Monday, June 1, 2020

Electrical alternans

Q: Electrical alternans with sinus tachycardia has? (select one)

A) high specificity for pericardial effusion
B) high sensitivity for pericardial effusion

Answer: A

Electrical alternans is well known to be associated with pericardial effusion. It is defined as a cyclical beat-to-beat shift in the QRS axis in the limb and precordial leads due to mechanical swinging of the heart to-and-fro, in a large pericardial effusion. It is usually most apparent in one or more of the precordial leads. Also, it is usually accompanied by sinus tachycardia.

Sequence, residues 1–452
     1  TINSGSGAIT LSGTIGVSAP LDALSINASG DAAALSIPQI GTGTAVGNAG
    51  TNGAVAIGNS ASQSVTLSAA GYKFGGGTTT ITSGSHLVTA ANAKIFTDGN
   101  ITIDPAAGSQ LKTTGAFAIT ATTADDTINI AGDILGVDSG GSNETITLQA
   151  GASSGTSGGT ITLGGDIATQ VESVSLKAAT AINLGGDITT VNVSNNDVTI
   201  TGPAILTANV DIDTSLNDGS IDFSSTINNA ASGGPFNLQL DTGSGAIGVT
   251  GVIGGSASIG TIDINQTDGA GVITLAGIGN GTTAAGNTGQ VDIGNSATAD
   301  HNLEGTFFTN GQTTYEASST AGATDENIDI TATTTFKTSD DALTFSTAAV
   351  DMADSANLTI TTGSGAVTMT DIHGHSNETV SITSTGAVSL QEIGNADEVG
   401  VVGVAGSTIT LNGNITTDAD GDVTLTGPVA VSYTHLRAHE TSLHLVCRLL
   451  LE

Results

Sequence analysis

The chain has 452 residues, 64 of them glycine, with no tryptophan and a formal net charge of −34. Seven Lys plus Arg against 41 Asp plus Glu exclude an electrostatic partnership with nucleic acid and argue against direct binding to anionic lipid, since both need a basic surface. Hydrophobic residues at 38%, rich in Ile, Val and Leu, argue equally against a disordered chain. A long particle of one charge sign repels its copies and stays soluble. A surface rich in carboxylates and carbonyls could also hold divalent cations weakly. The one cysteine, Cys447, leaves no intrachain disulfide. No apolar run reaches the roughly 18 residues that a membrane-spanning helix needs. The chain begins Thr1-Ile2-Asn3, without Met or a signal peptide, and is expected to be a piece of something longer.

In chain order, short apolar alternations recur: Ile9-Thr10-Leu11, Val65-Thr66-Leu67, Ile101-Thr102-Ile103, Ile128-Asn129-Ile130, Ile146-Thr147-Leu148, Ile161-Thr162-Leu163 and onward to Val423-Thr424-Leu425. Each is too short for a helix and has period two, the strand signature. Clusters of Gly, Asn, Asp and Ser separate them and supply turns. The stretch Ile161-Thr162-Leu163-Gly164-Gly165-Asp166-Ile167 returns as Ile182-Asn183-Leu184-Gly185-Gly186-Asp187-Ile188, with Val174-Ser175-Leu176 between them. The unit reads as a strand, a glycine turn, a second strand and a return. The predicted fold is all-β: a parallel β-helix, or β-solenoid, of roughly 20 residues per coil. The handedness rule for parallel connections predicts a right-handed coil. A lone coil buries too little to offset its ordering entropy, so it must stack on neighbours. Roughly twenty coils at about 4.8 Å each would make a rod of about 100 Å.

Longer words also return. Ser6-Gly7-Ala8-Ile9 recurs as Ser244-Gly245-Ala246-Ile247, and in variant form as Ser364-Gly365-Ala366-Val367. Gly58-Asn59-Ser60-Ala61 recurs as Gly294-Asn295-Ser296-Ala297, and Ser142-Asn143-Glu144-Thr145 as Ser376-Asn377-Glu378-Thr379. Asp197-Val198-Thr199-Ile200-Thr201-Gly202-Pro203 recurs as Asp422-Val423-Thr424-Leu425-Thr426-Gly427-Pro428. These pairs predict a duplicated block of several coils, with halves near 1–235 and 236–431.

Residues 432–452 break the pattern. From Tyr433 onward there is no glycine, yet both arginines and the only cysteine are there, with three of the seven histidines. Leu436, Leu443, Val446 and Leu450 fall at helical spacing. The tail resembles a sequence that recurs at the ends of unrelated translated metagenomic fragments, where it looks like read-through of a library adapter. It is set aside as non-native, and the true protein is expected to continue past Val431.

It has a high specificity when other clinical signs support cardiac tamponade. But it is not a sensitive sign. Its absence does not rule out cardiac tamponade.

Electrical alternans can also be observed in ventricular tachycardia, Wolff-Parkinson-White (WPW), accelerated idioventricular rhythm, and supraventricular tachycardia.



1. Goyal M, Woods KM, Atwood JE. Electrical alternans: a sign, not a diagnosis. South. Med. J. 2013 Aug;106(8):485-9. [PubMed]

2. Honasoge AP, Dubbs SB. Rapid Fire: Pericardial Effusion and Tamponade. Emerg. Med. Clin. North Am. 2018 Aug;36(3):557-565

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